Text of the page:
MIRAMAR (AP) - A black limousine that carried three young Miami Heat players to elementary school on Monday was parked about 25 feet from the front door, and barely any of the 900 students arriving to begin a new year noticed.
They couldn't wait to get inside and get to work.
The Heat trio can completely relate to that sort of thinking.
"Like these kids," Heat guard Patrick Beverley said, "we can't wait to get this thing started."
Monday was a first day unlike any other at Miramar Elementary, where Beverley and Heat teammates Kenny Hasbrouck and Dexter Pittman showed up long before the opening bell of the year to distribute backpacks, notebooks, pens, markers, pencils and just about every other imaginable school supply.
So it's back-to-school time for the kids. For the Heat, school resumes in about a month when training camp starts. Hasbrouck, Beverley and Pittman know they'll have to fight just to make Miami's loaded roster, which still features Dwyane Wade and is bolstered mightily by new arrivals LeBron James, Chris Bosh and Mike Miller.
"To put it in words, it's still kind of hard," Hasbrouck said. "The opportunity at hand for all of us is a great one, just to play with this many great players. It's almost impossible to put into words right now until it becomes reality."
Hasbrouck played college ball at tiny Siena. Now he finds himself battling for a job on the team with perhaps the biggest buzz in basketball.
Hasbrouck was a late add to the Heat roster last season, giving him time to get to know Wade. He often sees Bosh working out at 8 a.m., and while he's been around James at times, Hasbrouck has yet to meet the NBA's two-time reigning MVP.
"He's been busy," Hasbrouck said.
They all have, with eyes on a title.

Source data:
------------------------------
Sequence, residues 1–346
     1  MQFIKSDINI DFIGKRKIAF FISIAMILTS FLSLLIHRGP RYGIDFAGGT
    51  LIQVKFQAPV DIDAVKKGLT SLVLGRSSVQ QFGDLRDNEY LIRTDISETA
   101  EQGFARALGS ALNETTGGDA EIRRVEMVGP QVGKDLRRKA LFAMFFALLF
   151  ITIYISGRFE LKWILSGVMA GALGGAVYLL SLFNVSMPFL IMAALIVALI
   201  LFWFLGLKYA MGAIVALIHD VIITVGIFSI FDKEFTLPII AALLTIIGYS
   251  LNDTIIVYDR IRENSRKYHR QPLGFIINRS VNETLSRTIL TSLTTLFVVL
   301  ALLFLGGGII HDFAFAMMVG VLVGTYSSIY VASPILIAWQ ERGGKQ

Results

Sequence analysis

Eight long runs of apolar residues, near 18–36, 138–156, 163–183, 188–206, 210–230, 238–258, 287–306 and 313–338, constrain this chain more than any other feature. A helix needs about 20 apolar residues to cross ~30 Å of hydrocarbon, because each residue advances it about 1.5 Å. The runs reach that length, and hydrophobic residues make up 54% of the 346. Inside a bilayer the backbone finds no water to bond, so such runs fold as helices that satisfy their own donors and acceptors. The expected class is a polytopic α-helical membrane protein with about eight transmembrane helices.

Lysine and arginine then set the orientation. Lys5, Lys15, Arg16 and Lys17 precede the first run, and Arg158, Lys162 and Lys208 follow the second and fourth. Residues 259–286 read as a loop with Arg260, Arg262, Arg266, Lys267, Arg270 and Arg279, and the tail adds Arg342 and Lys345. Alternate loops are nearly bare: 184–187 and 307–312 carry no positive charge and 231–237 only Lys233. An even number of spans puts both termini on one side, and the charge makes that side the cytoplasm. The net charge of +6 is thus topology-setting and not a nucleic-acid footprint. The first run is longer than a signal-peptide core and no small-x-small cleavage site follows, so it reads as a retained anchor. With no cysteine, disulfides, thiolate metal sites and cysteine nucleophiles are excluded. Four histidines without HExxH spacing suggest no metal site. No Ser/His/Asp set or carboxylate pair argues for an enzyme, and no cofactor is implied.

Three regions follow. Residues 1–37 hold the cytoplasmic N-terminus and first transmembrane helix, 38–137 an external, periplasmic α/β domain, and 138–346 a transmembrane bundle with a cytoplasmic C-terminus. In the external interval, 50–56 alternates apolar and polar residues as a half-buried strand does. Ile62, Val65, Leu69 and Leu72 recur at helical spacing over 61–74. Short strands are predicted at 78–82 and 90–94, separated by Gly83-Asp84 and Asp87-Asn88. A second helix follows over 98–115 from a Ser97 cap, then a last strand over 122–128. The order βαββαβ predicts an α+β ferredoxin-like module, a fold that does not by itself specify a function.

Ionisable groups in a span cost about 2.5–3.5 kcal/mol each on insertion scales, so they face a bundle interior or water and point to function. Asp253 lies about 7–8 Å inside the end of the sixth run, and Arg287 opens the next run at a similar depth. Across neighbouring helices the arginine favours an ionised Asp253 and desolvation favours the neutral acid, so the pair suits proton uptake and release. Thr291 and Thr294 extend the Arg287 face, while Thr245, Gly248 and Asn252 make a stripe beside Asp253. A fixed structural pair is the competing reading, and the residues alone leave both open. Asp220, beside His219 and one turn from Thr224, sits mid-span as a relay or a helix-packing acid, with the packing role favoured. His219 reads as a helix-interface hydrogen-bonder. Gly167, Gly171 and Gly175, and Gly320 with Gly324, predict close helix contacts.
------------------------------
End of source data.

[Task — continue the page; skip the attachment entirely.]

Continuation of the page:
Beverley has a guaranteed contract, though that hardly guarantees him playing time in this new Heat era. His relationship with James goes back several years, so if nothing else, he won't be awestruck when it's time to work out and play alongside Miami's most notable free agent signing ever.
"We go back a long way," said Beverley, a 2009 Heat draft acquisition who spent last season in Europe. "We chat every day. He's a great veteran. That definitely gives me a lot of confidence. I know D-Wade from Chicago. I've spent a lot of time with Udonis Haslem. It's good to see your veterans, your top guys, helping out. It's been great for players at that caliber to reach out to young guys, take them under their umbrella."
Pittman and Hasbrouck have partially guaranteed contracts. Both figure to have at least a good chance of making the club this season, since each could fill a need. The Heat rave about the way the 6-foot-11 - "and a half," Pittman boasted to kids Monday - former Texas center has athleticism that belies his 300-pound frame. Hasbrouck impressed coaches last season and this summer with how quickly he learned Miami's system.
"I'm starting to learn that it's all professional and business here," Pittman said. "It's not like college. It's strictly business. And it's still like a dream to me. I feel like I'm in a daze. I know what I have to do, go put in my work and hope that I can help contribute."
Soon, the backpacks and binders were just about gone, and the Heat trio climbed back into the limo for the short ride back to the arena.
Not back to school, but back to work.
"You've got to know your role," Hasbrouck said. "I'm here to do anything I have to do for the team. If that means play as hard as I can, get the starters better and wait my turn, then that's what I have to do. I'm not really in a rush. I'm not going to force it. I haven't proven anything yet. So anything I can do to help this team, then that's what I will do."